Adv. Mater. 1996,8, No. 2 0 VCH Verlagsgesellschafl mbH. 0-69469 Weinheim, 1996 093.S-9648/96/0202-0127 $lO.O0+.2S/O 127

G.-y. Adachi, N. Imanaka, H. AonolFast Lie Conducting Ceramic Electrolytes ADVANCED MATE RIALS

T/"C IMH) 500 300 2:

in1 h '8 y 10.~

10.~ v -

,\ lo-"o.5 1.5 2.0 2.5 3.0 3.5

103n( K-')

Fig. 1. Temperature dependence of the ionic conductivity for typical solid electrolytes.

Table 2 lists energy densities and electromotive forces for typical batteries. The theoretical energy density of the

lithium battery (ca. 2000 W h kg- ') is about 10 times higher than that of the widely commercialized nickel-cadmium or

Table 2. Theoretical energy densities and electromotive forces obtained for rechargeable batteries on the market.

Battery Energy density EMF (W. h. kg-') (V)

Lead storage battery 180 2.0 Lithium battery 2000 3.0

Nickel-cadmium battery 200 1.3 Nickel-hydrogen battery 400 1.4 a lead-acid storage batteries. Furthermore, the existence of toxic elements, like cadmium and lead, in those batteries has become a serious problem from an environmental point of view, resulting in the nickel-hydrogen battery rapidly entering the market. It offers a relatively high energy density and non-toxicity of the constituent materials. However, its theoretical energy density is still ca. one fifth that of the rechargeable lithium battery.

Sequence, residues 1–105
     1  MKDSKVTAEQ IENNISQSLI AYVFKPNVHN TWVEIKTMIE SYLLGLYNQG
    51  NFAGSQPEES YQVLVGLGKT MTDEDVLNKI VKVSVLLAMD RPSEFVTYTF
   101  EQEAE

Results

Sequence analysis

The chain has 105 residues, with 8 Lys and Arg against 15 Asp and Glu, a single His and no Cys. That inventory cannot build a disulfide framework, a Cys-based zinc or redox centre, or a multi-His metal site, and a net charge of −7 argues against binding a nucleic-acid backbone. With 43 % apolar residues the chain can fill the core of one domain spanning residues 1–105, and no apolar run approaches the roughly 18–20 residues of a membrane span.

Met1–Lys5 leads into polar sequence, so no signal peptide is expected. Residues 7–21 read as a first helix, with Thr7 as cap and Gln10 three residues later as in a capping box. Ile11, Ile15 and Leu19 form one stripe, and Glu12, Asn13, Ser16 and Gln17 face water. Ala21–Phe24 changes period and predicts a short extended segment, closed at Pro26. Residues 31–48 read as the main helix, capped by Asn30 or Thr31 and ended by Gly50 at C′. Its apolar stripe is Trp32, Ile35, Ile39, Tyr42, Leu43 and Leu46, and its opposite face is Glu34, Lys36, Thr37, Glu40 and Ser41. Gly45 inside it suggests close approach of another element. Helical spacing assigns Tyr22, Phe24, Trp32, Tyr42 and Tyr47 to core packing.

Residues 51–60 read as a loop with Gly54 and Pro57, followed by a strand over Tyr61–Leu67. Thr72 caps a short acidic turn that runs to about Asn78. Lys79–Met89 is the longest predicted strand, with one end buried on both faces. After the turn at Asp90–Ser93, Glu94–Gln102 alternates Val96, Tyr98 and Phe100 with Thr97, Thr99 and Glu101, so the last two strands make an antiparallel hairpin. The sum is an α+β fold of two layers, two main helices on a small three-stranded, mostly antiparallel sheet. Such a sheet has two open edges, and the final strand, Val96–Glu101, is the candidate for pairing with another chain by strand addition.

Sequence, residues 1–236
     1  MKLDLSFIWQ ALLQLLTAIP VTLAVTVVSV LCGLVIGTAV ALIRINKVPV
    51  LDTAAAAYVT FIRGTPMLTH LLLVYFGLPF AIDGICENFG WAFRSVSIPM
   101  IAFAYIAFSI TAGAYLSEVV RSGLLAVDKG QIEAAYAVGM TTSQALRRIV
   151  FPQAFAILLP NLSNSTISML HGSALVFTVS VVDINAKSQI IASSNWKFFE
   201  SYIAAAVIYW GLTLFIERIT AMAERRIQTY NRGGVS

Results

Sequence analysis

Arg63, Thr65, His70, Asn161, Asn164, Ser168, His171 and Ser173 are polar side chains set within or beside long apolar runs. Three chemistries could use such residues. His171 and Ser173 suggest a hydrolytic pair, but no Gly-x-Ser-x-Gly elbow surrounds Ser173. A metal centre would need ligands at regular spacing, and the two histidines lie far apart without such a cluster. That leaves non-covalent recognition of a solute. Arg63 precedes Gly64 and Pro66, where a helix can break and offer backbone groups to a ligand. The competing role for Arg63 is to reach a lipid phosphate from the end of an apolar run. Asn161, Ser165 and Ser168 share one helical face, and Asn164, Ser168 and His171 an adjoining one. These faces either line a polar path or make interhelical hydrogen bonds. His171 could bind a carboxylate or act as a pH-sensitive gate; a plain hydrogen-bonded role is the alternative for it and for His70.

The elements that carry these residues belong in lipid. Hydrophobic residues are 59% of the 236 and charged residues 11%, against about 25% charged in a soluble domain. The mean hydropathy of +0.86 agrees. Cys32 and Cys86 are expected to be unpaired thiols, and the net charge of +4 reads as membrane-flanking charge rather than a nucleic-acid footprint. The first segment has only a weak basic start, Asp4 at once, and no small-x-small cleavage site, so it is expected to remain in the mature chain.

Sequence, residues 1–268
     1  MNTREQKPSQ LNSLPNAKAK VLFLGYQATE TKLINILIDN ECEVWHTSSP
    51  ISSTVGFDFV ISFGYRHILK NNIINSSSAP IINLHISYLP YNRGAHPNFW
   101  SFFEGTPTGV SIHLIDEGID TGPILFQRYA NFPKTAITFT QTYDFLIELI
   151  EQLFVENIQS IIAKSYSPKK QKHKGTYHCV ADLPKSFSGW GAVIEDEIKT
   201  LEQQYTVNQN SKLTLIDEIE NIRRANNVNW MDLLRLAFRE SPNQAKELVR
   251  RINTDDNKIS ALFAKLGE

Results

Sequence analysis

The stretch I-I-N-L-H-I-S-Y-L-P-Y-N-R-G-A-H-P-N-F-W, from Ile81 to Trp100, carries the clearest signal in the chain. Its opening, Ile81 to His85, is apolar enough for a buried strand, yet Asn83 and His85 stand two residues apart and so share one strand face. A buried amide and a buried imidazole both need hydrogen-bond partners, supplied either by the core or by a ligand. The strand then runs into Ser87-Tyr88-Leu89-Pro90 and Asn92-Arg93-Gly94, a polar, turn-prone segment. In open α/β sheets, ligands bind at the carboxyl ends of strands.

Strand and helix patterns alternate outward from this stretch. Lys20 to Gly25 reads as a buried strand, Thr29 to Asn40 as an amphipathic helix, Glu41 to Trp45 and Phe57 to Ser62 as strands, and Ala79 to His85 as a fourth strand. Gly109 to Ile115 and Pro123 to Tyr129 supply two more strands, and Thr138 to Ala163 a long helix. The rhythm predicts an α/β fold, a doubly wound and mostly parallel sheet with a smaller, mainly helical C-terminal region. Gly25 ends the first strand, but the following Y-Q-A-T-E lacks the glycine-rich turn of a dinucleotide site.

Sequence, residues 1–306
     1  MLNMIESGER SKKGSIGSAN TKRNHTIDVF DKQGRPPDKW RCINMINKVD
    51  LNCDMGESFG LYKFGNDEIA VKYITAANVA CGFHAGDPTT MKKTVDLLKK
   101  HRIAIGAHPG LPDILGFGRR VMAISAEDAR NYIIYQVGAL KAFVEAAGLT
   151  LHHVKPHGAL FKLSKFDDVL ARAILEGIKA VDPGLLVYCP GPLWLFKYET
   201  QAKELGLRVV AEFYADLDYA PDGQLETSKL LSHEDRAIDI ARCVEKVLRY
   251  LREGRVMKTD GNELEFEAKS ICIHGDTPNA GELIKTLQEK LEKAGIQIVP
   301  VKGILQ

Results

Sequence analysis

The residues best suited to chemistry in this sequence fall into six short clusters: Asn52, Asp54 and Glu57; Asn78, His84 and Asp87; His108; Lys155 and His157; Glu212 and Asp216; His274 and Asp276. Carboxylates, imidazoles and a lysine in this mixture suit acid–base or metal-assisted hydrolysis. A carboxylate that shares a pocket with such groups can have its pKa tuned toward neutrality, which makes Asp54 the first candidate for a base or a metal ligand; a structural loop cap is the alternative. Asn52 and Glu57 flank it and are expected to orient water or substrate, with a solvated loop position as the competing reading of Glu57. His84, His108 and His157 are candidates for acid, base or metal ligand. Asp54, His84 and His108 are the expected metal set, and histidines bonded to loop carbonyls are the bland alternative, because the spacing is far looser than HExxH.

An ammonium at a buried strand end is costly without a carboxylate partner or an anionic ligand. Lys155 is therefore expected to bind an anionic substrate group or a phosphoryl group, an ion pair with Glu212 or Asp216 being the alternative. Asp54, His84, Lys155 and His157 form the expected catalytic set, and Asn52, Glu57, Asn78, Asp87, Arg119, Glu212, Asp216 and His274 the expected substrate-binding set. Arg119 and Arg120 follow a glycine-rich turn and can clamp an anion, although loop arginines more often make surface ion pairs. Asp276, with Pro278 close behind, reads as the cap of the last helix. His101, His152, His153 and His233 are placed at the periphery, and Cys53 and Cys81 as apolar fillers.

The lithium battery has the highest electromotive force (ca. 3.0 V) of the batteries described above, and is the most promising due to its high energy density with high cell voltage. Elemental Li has the smallest mass number of the metals and a very negative standard electrode potential. The lithium batteries on the market utilize some organic solvents such as LiC104 dissolved in a propylene carbonate (PC) as electrolyte. However, leakage of the organic electrolyte, its freezing at lower temperatures, and ignition at higher temperatures remain problems. In addition, some side

Gin-ya Adachi was born in Osaka, Japan, in 1938 and earned his undergraduate degree at Kobe University. He then obtained his Ph.D. from Osaka University in 1967. He joined the faculty at Osaka University, where he is now Professor. His main research interests concentrate on inorganic materials containing rare earth elements.

Nobohito Imanaka was born in Kawanishi, Hyogo, Japan, in 1958. He received his B.E. and M.E. in applied chemistry from Osaka University. He then obtained a Ph.D. from Osaka